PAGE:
Equation (7) says that a Paasche productivity index is equal to the labor productivity index or to the GDP index per worker at constant prices when prices are proportional to the labor values. This result shows that the so-called labor productivity reflects changes in efficiency of both the labor spent in inputs and directly spent labor. In the former index, each branch’s productivity is weighted by its contribution to the final demand. If a branch does not produce consumption goods or goods that are used for net investment, it will not have any direct influence on average productivity. Changes in the productivity of a means of production affect average productivity since they affect the values of all the commodities that use it as a means of production. Because of this, an increase in productivity in one industry may increase productivity in many other industries or even in the whole economy. This needs further explanation. In the first place, it is a result that shows one of the aspects of the social character of labor: since all industries are interdependent, a change in the productivity of one industry can affect all the other industries. By saving labor in the production of a means of production, more labor can be devoted to production in all the industries that use such merchandises. The effect an increase in productivity may have thus depends on both demand and supply. An increase in productivity in any industry makes it possible:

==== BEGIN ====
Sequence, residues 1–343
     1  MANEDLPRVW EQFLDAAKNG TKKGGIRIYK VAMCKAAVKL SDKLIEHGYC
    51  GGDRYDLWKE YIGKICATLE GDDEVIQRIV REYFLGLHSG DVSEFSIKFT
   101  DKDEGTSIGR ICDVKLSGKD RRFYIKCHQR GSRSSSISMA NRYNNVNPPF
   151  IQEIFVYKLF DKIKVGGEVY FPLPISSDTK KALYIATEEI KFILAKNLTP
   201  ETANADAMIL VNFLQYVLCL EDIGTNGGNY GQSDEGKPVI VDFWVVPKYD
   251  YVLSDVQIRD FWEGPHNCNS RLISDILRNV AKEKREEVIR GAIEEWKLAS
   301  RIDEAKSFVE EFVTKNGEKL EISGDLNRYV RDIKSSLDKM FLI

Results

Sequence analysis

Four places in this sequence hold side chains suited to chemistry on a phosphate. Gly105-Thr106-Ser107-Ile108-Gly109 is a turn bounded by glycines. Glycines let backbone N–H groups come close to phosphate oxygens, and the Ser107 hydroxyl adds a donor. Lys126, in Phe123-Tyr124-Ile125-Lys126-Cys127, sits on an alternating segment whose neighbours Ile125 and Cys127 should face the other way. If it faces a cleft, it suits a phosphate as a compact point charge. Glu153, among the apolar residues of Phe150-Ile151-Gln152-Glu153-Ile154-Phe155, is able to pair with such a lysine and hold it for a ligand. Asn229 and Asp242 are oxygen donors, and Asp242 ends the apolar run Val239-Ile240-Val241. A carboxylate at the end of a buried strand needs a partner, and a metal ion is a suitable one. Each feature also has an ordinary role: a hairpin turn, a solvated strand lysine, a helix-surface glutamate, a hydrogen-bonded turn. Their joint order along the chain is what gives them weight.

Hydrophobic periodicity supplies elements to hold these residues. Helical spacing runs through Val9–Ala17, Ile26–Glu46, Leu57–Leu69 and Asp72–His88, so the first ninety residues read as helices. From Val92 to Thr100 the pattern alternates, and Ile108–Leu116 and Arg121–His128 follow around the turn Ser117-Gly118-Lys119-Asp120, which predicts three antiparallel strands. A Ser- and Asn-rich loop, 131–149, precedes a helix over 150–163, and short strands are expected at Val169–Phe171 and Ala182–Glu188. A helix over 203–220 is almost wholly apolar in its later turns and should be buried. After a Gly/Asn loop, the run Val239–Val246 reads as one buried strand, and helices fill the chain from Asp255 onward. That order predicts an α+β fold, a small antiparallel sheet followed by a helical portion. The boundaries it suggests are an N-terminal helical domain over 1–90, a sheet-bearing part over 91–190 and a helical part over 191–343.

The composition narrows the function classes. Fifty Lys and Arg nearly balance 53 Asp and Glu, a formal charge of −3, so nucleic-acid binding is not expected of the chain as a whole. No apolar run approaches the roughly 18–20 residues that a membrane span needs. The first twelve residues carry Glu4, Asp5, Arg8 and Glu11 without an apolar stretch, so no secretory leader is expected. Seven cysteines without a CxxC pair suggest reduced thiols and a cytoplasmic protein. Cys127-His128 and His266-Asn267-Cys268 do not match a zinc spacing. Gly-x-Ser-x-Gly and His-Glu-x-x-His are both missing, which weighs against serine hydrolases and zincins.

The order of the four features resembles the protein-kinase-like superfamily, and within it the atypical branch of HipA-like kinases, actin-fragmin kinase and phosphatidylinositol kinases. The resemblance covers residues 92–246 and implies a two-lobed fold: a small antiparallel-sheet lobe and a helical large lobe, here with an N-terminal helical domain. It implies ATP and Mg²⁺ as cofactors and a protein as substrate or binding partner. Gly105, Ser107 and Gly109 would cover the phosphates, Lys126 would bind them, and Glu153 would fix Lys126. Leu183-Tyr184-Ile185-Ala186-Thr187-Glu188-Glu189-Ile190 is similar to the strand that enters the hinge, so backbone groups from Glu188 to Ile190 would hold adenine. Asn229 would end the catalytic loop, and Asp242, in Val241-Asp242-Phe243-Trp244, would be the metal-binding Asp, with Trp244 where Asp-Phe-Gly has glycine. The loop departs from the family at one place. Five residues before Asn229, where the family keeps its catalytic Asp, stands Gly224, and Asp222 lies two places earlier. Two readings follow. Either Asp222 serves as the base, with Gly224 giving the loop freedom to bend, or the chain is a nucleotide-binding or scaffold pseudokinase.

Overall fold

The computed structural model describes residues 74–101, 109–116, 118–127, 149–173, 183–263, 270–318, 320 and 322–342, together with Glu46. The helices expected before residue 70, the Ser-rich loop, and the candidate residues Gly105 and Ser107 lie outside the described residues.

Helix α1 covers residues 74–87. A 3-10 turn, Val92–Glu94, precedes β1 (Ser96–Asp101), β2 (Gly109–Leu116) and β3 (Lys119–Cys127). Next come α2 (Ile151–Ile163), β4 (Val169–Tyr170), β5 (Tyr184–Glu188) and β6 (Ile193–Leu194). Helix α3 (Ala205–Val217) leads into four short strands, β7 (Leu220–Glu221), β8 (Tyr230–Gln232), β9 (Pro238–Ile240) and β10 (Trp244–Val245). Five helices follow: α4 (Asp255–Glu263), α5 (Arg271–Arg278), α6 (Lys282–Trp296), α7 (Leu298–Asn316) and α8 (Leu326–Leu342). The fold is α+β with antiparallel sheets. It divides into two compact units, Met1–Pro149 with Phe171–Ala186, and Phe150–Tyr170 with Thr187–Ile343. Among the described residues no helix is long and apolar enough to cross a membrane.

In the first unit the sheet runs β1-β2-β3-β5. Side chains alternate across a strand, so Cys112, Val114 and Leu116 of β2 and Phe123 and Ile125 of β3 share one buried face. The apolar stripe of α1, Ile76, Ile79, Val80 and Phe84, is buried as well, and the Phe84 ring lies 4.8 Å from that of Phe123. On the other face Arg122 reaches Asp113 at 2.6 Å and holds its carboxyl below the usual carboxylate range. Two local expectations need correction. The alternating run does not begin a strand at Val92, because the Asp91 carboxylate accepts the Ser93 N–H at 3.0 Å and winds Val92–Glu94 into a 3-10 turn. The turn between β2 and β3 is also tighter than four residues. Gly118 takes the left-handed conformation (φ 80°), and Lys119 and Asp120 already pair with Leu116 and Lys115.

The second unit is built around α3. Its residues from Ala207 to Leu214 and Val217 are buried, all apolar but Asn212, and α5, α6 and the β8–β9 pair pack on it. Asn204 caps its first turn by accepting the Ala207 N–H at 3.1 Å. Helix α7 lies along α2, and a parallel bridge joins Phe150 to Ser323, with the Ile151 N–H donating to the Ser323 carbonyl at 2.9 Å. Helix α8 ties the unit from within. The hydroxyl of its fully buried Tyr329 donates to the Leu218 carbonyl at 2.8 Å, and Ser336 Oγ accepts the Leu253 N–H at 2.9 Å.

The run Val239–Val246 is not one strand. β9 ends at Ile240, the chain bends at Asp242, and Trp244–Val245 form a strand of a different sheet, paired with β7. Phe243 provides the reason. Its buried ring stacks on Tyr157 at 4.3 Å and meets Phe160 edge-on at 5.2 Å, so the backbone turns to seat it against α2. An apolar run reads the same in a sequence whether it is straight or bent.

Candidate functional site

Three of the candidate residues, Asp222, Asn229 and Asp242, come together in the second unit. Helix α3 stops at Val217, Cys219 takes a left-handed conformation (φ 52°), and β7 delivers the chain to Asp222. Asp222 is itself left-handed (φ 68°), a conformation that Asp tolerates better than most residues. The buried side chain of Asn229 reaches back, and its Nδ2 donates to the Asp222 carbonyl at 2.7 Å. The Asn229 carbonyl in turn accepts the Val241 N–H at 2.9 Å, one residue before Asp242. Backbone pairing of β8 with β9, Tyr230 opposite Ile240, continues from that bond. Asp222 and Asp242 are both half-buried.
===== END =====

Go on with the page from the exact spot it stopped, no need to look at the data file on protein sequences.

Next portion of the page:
a) To increase the consumption of the commodity in question and of all the commodities that used such merchandise as means of production, directly or indirectly.

b) To increase the consumption of all the commodities involved among all the workers, depending on the correlation on forces among the classes and to the possibilities of capital accumulation.
The result demands prices are value prices, which imply that errors will occur when changes in productivity are measured by current prices. We here only mention the effects demand has on productivity, the relationships between demand and productivity are broader and more complex as Marx rightly noted in chapter X in book III of Das Kapital.

This definition reflects the social nature of productivity, since each product results from the labor performed by many of the workers not only by workers directly involved. Not only each production process uses a multiplicity of inputs, but also because an increase in the efficiency with which a means of consumption is produced enables an increase in consumption of all workers. Under capitalism, however, this possibility is not necessarily concretized. An increase in productivity in the production of means of production allows a greater consumption of the means of production and of all the commodities that make use of it. Taking this argument further, assuming an increase in the productivity of a mean of production used directly or indirectly in the production of all commodities, the consumption of all commodities would also increase.